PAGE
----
On July 15, a rogue group within Turkey’s military attempted to overthrow the democratically elected government, suspend the constitution and impose martial law.
Over the course of several hours, the coup plotters attacked the parliament, the presidential palace and strategic buildings, including the intelligence and police headquarters.
Turkish President Recep Tayyip Erdogan barely escaped an assassination attempt, while several high-ranking officials were held captive.
Upon receiving news of the coup attempt and hearing the president’s call to resist, millions of ordinary citizens took to the streets and risked their lives to defend democracy.
Thanks to their sacrifice and the resilience of Turkey’s democratic institutions, the situation quickly de-escalated and the authorities launched a formal investigation to identify and bring to justice the perpetrators.
According to initial evidence and testimonies, the coup attempt, which claimed 238 casualties, was orchestrated by FETO, a terrorist group led by retired imam Fethullah Gulen.
The group, which started infiltrating civilian and military institutions in the late 1980s, has tens of thousands of operatives placed in the military, the judiciary and various government agencies.
To address imminent risks and hold accountable those responsible for the assault, the Turkish government, on the recommendation of civilian and military leaders, declared a three-month state of emergency – which has had zero influence on daily life.
Had the July 15 coup attempt taken place in any other developing nation, the consequences would have been catastrophic.
But Turkey’s strong fundamentals made it possible for us to overcome this challenge with relative ease.
Today, the economy remains stable, the banking system robust and the investment climate advantageous as ever.
The fatal incident’s negative impact on Turkey’s financial markets has been limited and short-lived.
By August 1, the country’s stocks and bonds had rallied to two-week highs and already recouped more than half of the losses sustained since the coup attempt.
As individuals with links to the coup attempt are brought to justice, Turkey's democratic institutions will become stronger and the decision-making process will become more transparent and investor-friendly.
While there was only an insignificant increase in the interest rate on 10-year bonds, the net capital inflow between July 1 and July 22 amounted to $533m.
There has been no notable decrease in bank deposits, no significant increase in credit demand, and no restrictions on capital movements.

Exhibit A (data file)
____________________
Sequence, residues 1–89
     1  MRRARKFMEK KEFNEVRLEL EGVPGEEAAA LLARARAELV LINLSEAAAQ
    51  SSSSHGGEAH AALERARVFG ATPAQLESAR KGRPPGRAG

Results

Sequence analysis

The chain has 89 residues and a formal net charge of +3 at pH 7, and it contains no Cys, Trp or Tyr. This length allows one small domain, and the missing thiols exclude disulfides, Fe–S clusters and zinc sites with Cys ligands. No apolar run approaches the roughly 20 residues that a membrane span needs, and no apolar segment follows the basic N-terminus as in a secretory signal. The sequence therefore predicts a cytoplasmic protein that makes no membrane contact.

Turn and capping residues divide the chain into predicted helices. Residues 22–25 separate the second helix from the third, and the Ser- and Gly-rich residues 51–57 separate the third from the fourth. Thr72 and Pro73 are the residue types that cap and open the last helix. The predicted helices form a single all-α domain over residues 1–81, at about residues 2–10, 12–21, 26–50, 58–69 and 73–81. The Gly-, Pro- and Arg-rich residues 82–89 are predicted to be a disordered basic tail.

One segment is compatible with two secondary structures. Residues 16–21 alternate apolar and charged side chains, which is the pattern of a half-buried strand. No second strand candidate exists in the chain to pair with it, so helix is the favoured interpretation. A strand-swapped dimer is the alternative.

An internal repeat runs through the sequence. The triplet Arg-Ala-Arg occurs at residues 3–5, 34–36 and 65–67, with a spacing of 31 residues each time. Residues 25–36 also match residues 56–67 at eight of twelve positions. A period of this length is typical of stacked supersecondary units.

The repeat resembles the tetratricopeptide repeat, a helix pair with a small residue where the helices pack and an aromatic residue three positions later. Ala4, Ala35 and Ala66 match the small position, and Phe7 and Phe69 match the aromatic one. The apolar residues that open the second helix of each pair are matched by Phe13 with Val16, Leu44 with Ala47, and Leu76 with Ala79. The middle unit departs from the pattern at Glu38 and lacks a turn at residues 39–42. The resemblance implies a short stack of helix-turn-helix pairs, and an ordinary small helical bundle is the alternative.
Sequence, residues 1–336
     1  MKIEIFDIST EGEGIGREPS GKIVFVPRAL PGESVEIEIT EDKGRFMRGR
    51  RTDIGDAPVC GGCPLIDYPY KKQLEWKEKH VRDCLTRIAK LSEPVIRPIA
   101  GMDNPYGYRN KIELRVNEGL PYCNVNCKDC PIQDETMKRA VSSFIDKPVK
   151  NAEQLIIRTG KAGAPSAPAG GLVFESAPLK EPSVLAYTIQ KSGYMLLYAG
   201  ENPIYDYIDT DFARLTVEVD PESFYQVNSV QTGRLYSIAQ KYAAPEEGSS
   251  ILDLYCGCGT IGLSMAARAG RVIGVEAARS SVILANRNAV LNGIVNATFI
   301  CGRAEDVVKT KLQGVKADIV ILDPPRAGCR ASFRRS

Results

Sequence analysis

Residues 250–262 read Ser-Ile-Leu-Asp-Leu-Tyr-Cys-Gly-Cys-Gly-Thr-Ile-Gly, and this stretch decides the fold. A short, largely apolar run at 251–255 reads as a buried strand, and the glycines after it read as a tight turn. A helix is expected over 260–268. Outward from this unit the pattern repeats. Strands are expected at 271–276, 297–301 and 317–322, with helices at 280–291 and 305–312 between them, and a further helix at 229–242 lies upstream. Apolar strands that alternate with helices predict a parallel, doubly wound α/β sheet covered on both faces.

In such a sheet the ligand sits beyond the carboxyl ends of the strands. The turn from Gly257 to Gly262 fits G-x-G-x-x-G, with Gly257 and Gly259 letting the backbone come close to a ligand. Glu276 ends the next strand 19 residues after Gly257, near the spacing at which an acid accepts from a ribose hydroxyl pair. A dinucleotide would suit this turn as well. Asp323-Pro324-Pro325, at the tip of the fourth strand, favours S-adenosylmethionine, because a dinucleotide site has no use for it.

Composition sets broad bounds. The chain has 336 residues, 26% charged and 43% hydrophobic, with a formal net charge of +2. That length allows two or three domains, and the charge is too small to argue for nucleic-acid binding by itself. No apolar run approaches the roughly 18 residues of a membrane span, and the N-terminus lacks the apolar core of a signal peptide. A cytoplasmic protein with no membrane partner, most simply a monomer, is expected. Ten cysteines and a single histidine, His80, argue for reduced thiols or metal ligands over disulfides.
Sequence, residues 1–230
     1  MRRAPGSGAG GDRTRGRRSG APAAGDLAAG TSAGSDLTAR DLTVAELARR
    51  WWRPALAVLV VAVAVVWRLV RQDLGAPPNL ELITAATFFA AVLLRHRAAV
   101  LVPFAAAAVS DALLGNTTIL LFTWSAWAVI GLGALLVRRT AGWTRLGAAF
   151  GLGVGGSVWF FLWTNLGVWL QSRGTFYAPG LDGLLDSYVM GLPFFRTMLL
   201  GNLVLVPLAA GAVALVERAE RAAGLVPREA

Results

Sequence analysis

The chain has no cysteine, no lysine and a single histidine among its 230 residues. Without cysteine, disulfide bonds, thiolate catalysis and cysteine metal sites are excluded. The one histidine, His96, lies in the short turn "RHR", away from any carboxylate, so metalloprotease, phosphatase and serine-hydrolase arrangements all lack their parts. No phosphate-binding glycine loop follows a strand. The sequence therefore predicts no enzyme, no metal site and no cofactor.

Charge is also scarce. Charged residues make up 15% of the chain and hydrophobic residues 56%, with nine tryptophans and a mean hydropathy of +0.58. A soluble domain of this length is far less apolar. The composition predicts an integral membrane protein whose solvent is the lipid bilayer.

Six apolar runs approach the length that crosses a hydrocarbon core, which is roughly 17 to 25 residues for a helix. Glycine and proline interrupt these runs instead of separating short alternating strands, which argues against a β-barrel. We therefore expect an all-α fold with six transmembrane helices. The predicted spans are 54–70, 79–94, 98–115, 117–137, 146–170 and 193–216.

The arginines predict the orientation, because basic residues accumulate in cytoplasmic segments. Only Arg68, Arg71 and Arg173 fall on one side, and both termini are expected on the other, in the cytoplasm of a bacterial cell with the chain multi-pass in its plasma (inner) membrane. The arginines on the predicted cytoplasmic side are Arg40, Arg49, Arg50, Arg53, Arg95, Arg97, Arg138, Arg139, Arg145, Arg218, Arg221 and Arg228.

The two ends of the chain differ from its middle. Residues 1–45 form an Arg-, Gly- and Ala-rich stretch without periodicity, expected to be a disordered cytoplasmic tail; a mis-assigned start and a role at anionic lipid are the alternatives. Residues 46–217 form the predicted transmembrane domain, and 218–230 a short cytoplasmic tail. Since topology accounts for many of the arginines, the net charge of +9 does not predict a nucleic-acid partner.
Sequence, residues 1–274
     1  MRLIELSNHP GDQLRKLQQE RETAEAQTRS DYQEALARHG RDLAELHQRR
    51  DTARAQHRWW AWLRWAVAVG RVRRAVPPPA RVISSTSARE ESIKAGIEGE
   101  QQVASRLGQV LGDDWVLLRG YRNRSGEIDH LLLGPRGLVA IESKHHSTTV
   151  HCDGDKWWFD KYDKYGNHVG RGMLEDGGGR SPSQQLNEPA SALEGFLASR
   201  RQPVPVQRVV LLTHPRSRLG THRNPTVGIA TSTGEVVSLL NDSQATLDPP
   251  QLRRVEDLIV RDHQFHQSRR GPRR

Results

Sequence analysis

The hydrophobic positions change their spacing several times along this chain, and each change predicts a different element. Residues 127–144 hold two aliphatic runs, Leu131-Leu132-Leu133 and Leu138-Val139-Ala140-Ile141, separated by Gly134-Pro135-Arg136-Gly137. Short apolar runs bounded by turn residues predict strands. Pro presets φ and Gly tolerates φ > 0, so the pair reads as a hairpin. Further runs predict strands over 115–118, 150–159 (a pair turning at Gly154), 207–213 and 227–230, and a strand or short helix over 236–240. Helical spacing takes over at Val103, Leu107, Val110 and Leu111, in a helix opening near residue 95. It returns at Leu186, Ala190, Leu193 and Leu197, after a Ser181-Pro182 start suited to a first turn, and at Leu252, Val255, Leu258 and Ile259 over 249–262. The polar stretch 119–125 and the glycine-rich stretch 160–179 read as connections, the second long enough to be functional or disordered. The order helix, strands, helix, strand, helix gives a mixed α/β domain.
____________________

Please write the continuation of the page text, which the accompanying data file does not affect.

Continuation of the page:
Fluctuations in credit default swap (CDS) and the exchange rate have also been limited. On August 2, CDS stood at 266 while the Turkish lira was trading at 2.99 against the US dollar.
To put things in perspective, CDS was 329 and the $/TRY rate had reached 3.06 amid the turmoil caused by FED’s signal to increase the federal funds rate in September 2015.
Keeping in mind that S&P cut Turkey’s credit rating over “growing political fragmentation and polarisation”, it is important to keep in mind that reconciliatory steps being taken by various political parties, coupled with strong economic performance, we are confident that they will reverse their decision.
Having handled the coup attempt in a professional and confident manner, Turkey’s central bank deserves some credit as well.
In the wake of the assault against Turkish democracy, the central bank provided liquidity to the markets to limit capital outflows and restore confidence of investors in the Turkish lira and Turkey’s economy.
By passing a bill to improve the investment environment, the Turkish parliament has been contributing to recovery.
Meanwhile, the government sponsored a bill on August 2 to introduce automatic enrollment to the private pension system, which will significantly increase Turkey’s domestic savings rate.
Moving forward, Turkey is committed to take all necessary steps and implement reforms to meet growth, inflation, unemployment and current account deficit targets outlined in the medium term programme for 2016-2018.
While Turkey overcame a serious challenge on July 15, this is the right time for investors to come on board.
Major investments, including the construction of Turkey’s largest airport in Istanbul, continue as planned.
As individuals with links to the coup attempt are brought to justice, Turkey’s democratic institutions will become stronger and the decision-making process will become more transparent and investor-friendly.
Finally, we encourage investors to visit Turkey and meet policymakers to find out more about our plans for the future.
Lutfi Elvan is the minister of development of Turkey.
The views expressed in this article are the author’s own and do not necessarily reflect Al Jazeera’s editorial policy.